Was my experience unusual?
I was an advanced student who graduated high school at 15 and was already a massage therapist before PT school, so I probably didn’t get as much out of physical therapy school as someone who got a kinesiology degree in undergrad, right? You might think so, but my background actually gave me the perspective necessary to be identify the deficiencies in the program.
Anyone who has worked out at a commercial gym is going to actually have a pretty good sense of some basic exercises at about the same level of competency as a new graduate physical therapist. Really, a physical therapist treating you could just tell you to do all the machine exercises you’re not currently doing instead of those you are, and your injury may treat itself.
Taking a weekend course to become a personal trainer so you feel comfortable setting the weights on the machines would make you about as good as your typical physical therapist, at least when we’re talking about new grads.
Personally, I went to PT school directly to improve my clinical care skills, not in strength training, but in manual therapy. I thought I would learn spinal manipulations (I learned 4, total, in the entire curriculum). Our entire manual therapy curriculum was a total of 4 hours of hands-on lab work, just 2 hours for massage and 2 hours for mobilizations and manipulations.
That means no new grad physical therapist is going to know much about exercise manipulation or manual therapy, at least until they get the chance to attend some continuing education courses on their own. That’s not just my experience — it’s how the curriculum for physical therapists is designed.
What about PT school rankings?
You might think going to a better physical therapy school would mean you learn more. I went to the #20 PT school in the nation (VCU), which is also ranked as the #5th cheapest. Theoretically I received an education in the top 8% of all PT schools in the US, at least according to VCU’s marketing copy.
The problem with PT school rankings (from US News & World Reports) is that they base ranking on a survey sent to the directors of all the PT schools. So it’s a popularity contest that invariably sees little change from year-to-year. They actually call it a “peer assessment score” — it’s hardly a ranking system.
They don’t track student outcomes to evaluate starting salary (like they do for MBA programs) or return on investment (like Forbes does for MBAs). Why not? Because PT school is simply a terrible return on investment for students: $130,000 and three years of school in order to earn $60,000 a year. But that’s a different point — what about new graduates’ clinical care and skill?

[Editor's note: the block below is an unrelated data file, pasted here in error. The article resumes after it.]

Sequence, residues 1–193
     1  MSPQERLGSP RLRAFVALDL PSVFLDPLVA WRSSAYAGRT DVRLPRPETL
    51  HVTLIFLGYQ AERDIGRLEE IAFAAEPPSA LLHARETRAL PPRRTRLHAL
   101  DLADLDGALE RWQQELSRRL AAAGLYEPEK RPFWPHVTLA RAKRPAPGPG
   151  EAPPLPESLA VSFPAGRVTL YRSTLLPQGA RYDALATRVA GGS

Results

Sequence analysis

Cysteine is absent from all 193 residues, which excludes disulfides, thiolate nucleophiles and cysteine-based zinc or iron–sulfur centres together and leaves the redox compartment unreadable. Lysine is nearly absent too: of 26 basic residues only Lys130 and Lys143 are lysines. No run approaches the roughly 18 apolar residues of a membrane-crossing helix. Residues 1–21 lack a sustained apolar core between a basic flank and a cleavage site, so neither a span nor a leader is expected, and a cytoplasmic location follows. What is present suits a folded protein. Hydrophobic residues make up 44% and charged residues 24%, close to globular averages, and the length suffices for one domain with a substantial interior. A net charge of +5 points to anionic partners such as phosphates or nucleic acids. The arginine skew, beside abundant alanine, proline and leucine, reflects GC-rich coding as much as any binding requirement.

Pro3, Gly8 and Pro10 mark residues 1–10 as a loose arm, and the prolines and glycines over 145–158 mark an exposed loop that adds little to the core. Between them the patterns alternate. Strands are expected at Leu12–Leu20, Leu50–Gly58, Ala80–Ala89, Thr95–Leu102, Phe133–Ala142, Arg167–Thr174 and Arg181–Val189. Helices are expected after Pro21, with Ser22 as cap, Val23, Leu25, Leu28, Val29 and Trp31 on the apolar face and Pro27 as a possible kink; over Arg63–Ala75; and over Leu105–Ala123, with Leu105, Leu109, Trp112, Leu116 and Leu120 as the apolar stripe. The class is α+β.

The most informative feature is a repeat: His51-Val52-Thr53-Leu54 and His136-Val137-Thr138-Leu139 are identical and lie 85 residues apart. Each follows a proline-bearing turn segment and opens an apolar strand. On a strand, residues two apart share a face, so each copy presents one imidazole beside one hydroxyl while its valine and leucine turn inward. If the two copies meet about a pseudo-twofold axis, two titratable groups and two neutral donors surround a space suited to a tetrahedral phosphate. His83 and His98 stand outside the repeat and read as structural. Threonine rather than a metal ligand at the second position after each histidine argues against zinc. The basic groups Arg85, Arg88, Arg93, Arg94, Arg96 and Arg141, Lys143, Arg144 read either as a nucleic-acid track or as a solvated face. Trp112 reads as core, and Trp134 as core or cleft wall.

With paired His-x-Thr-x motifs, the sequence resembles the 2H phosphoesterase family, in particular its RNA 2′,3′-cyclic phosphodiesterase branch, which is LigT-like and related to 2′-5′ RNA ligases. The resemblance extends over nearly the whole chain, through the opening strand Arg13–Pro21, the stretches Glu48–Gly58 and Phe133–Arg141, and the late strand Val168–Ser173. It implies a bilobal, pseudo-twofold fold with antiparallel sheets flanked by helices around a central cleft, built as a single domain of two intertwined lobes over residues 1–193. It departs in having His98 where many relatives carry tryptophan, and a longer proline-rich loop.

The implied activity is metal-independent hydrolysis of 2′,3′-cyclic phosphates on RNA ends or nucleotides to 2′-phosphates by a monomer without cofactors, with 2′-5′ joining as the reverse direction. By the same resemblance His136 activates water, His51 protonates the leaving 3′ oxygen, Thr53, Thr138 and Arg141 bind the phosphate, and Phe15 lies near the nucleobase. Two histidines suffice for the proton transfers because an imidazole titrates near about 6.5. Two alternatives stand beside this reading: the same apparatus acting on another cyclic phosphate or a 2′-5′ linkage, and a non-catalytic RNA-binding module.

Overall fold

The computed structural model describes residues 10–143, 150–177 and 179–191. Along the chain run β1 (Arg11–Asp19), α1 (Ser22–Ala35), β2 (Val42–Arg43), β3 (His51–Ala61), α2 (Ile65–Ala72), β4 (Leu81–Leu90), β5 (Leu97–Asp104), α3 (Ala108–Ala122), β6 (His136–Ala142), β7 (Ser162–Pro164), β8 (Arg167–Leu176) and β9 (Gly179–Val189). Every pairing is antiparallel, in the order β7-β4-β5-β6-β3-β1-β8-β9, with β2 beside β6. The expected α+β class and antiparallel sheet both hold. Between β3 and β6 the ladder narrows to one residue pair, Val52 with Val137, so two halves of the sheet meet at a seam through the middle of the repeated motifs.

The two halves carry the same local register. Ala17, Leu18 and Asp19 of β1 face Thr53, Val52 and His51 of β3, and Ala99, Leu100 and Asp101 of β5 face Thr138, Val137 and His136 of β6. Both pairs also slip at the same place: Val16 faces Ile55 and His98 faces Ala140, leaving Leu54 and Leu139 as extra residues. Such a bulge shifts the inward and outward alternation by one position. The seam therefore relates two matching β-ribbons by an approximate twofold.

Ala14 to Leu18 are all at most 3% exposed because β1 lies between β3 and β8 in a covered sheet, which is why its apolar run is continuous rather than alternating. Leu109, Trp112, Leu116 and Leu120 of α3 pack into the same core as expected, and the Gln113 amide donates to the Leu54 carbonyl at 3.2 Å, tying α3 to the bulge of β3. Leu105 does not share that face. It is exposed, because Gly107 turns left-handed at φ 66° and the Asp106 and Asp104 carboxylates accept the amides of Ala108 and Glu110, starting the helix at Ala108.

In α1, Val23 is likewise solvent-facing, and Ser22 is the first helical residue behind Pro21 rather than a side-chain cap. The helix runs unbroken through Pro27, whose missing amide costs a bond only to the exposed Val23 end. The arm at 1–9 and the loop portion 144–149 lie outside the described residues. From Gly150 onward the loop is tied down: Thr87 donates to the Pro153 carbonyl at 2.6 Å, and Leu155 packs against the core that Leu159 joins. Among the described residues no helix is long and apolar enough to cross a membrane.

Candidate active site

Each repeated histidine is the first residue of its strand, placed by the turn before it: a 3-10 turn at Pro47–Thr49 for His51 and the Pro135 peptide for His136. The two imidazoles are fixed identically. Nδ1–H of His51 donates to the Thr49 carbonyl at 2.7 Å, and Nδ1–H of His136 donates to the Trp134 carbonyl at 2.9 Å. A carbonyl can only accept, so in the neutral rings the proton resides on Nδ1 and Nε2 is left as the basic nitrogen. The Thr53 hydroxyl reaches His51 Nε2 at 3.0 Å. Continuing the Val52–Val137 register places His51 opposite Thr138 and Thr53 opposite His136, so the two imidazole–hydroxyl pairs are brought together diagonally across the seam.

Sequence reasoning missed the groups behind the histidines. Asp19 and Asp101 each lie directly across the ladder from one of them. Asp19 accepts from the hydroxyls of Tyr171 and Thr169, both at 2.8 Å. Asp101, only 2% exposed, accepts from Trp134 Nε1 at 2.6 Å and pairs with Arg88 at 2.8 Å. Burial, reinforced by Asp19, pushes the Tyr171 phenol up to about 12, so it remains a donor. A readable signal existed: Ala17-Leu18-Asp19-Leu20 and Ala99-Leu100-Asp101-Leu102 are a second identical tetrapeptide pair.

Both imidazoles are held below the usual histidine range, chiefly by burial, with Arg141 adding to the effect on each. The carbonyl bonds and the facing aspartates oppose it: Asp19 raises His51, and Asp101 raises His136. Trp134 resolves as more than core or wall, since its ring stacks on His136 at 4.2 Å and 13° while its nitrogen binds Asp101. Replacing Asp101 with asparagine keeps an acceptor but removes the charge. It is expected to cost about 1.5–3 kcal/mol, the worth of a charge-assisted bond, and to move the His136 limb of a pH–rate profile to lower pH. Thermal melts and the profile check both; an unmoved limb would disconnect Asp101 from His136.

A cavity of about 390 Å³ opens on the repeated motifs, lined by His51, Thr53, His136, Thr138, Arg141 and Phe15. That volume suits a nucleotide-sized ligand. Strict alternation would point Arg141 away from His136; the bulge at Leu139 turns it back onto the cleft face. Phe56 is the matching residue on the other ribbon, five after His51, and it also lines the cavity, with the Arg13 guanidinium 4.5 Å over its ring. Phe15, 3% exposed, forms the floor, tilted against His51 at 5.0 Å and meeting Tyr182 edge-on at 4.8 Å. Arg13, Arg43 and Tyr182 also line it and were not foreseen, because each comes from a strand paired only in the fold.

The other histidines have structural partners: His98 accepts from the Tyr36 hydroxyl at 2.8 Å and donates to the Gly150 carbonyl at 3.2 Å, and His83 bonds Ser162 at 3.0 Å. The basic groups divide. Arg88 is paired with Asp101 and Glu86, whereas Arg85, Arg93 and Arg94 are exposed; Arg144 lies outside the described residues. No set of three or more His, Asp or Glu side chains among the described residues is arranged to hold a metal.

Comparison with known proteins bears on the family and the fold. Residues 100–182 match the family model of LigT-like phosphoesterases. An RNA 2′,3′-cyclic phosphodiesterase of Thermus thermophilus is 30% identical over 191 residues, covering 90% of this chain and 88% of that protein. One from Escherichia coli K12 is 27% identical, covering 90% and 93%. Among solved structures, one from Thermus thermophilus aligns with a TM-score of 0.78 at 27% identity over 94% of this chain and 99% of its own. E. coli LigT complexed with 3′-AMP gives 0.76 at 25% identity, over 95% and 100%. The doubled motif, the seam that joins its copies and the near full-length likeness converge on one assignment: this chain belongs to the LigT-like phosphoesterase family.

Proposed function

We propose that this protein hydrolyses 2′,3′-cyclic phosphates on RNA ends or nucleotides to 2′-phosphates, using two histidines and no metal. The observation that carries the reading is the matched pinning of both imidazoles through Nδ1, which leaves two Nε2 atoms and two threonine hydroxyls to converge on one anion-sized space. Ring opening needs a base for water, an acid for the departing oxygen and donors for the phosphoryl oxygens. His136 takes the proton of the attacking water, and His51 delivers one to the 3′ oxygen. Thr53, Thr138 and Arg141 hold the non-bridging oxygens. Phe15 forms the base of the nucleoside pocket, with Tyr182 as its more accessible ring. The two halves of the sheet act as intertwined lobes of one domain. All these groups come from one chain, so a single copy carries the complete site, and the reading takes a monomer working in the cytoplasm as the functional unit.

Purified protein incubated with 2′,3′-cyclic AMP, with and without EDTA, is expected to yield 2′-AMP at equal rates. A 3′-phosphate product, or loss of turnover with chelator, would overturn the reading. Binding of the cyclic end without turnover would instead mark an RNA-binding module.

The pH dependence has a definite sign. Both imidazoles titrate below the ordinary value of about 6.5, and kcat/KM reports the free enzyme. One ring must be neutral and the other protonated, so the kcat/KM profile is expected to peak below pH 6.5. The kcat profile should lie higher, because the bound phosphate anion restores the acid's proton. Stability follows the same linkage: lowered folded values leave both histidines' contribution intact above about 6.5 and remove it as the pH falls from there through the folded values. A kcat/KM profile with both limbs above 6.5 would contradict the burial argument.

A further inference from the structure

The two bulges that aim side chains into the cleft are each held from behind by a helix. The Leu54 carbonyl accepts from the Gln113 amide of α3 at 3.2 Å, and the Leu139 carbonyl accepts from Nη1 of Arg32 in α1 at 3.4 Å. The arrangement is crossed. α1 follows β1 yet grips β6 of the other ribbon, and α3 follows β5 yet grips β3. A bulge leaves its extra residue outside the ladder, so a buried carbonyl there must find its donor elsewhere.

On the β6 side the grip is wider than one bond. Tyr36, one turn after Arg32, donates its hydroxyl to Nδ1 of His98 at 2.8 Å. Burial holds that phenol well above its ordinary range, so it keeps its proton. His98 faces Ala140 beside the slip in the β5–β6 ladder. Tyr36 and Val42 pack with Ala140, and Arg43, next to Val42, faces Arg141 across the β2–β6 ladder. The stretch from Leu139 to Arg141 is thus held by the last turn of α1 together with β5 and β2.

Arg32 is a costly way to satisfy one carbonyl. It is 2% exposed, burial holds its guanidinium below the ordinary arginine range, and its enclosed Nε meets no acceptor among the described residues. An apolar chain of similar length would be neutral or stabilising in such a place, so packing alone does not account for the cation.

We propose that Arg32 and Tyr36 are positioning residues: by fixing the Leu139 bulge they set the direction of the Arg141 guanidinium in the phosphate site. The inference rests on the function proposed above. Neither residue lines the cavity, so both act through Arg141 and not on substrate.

If what we care about is whether patients are receiving good care from physical therapists, then ranking programs should actually track patient outcomes. Such a study is impossible because of our fractured healthcare system, let alone the privacy issues it would bring up.
So instead PT schools focus on their popularity and reputation among peers through things they can control like the Miami-Marquette fundraiser and survey statistics like graduation rate (92.6% at VCU), one-year employment rate (100%), and licensure examination first-time pass rate (97%).
That last point is critical to understanding why physical therapists don’t actually learn any clinical skills in PT school.
Teaching to the exam
If the entire goal of your PT program is to get your students to graduate, get them employed, and get them to pass the licensure exam, then you’re not going to be able to focus on clinical rehabilitation. Instead, you’re going to simply teach whatever is on the test, and the licensure exam is over 80% focused on basic science and memorization. That model of testing fits well with the test’s multiple-choice question format.
The most common thing any outpatient physical therapist is going to do is treat musculoskeletal injuries, but that makes up only about 30% of the exam, and only 10% of the exam is focused on musculoskeletal interventions.
This was best encapsulated by my professor who said, “Don’t do that with your patients, you’ll leave them sore” when I was discussing squat progressions with another high-aptitude student, who worked out at a local CrossFit gym. Like me, that classmate was able to get through the program, but then has never found a full-time PT job that was a good fit.
I’ve treated many patients with dementia, COPD, stroke, brain injuries, and other “non-musculoskeletal injuries.” I actually treat them the same way (using musculoskeletal interventions) to help them regain independent functioning. I still focus on strength, endurance, and balance, but with a little more time spent on walking and assistive device usage.
But for some reason, on our licensure examination, it was necessary for me to know which collagen fiber type makes up a certain type of epithelium, or which spinal tract could be affected in a hypothetical patient. Guess what — those things don’t actually determine treatment; the patients’ deficits do.